Ten Always-on Applications on My OSX

OSX Always-on Applications

(P.S. In the picture above, the triangle to the left of the icons means that the application is currently running.)

From top to bottom:

  1. Finder, the ubiquitous Mac equivalent to Windows explorer, it’s not as nice or flexible, but it’s slick enough.
  2. Transmission, the sweet little Bittorrent client that’s easy on a Mac. I used it’s equivalent uTorrent on Windows since the one thing I hate most is bloated software. It works well enough, but it still chokes on some torrents, and it’s not as compatible as I’d like.
  3. Download Wizard; after searching high and low for a Flashget replacement and coming by the way of Speed Download, which appears to be the most advertized, I liked the small footprint of Download Wizard. It’s still not a Universal application, which means it feels sluggish and takes ages to load, but it does it job real fine.
  4. Firefox, the ubiquitous browser. Having said that, replacements for the Mac are amazingly good, and the only thing stopping me from using Safari (or better yet, Shiira or Camino) is the extensibilty that’s built into the fox. Minor annoyances: no spell-check as in most native Mac applications, no support for the built-in password management tool.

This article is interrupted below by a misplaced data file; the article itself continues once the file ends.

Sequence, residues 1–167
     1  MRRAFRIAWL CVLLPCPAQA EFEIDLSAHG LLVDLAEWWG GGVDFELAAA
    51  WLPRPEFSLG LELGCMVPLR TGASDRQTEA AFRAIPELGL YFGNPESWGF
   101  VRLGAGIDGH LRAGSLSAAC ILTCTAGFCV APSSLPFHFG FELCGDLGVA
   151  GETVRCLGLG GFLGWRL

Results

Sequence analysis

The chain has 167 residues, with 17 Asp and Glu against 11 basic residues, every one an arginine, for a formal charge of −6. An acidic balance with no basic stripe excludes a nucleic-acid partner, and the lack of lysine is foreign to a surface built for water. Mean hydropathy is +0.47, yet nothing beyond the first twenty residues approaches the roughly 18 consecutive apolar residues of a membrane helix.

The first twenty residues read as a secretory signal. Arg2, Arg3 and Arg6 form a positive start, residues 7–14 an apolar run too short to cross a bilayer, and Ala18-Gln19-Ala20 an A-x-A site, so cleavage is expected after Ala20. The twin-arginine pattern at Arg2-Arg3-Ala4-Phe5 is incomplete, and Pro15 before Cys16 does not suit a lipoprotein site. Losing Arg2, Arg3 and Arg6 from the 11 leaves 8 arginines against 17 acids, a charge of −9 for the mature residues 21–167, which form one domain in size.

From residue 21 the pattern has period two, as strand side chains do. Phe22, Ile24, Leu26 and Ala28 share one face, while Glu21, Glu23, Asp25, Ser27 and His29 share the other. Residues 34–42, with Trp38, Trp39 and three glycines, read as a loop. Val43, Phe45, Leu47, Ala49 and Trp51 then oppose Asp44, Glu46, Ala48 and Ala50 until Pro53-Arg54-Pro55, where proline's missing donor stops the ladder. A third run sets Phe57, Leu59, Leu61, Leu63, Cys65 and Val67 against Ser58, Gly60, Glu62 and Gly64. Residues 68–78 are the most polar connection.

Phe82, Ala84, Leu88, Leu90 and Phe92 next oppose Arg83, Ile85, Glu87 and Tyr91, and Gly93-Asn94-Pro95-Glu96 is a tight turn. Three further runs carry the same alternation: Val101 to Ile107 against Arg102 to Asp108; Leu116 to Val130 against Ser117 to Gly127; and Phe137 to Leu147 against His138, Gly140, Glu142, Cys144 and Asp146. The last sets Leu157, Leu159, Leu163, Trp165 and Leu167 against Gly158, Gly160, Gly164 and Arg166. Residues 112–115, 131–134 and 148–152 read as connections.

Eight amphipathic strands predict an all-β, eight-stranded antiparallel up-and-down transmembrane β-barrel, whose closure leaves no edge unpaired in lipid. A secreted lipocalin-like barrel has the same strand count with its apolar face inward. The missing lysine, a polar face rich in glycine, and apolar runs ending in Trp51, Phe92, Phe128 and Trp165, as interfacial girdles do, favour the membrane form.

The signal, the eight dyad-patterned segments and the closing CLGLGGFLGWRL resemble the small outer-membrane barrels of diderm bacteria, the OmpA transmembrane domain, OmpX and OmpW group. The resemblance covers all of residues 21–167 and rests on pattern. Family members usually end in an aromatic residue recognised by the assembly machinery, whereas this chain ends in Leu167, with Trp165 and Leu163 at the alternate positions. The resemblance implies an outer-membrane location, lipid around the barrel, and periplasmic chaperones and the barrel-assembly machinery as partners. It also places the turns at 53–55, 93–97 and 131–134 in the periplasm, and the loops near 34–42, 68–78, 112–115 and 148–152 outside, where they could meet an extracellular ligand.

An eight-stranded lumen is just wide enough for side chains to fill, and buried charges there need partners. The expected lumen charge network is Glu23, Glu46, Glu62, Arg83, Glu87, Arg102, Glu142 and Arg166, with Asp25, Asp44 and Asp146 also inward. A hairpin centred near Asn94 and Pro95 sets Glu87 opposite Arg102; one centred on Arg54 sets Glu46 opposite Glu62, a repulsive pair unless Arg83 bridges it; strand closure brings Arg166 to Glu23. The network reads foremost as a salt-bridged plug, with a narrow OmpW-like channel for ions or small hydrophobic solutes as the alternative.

5. Terminal, an adequate Unix Terminal (but not the best I’ve used), it launches instantly and stays out of the way. No tabs, and no support for Pg-down/Pg-up in man pages (which I think can be fixed by some hacking) and no color codes.
  6. Textmate. The single greatest editor I’ve used on any platform. This makes editing my PHP (and now, Rails) projects fast and a no-brainer. It really stays out of your face and allows you to think in code. Emacs + OSX nirvana!
  7. Netnewswire Lite, the fix for the news junkie. It fetches RSS feeds from any number of sources and displays them intuitively and with minimum of fuss. There’s a pro version, but the lite is more than enough for my needs.
  8. Itunes, the Mac audio player. I still haven’t got used to its “convention over configuration” arrangement, but it’s surprisingly easy to get started, and arranges all my music pretty well on the disc. I use it mostly for accessing my Ipod nowadays since I’ve not yet selected the tracks I want on my mini. When it plays music, it stays out of the way.
  9. Preview, the default Mac application for “opening everything”. It serves as a really good PDF reader, image viewer, etc. (No automatic viewing in directories, view the next file, etc. but it suffices).
  10. Quicksilver, this isn’t shown here, because I’ve disabled the dock icon, but Quicksilver is the GUI application for console lovers :-). An oxymoronic description, I know, but it’s true. It’s a text-launcher on steroids.

Note that I run all these simultaneously on my Mac mini with 512M ram. Aye, I badly need more like when I’m in the process of designing something I’ve got Photoshop+Omnigraffle+Dreamweaver open, or when Netbeans+Tomcat chokes up my Java development, but for the most part, it runs fine. The spinwheel is my friend.

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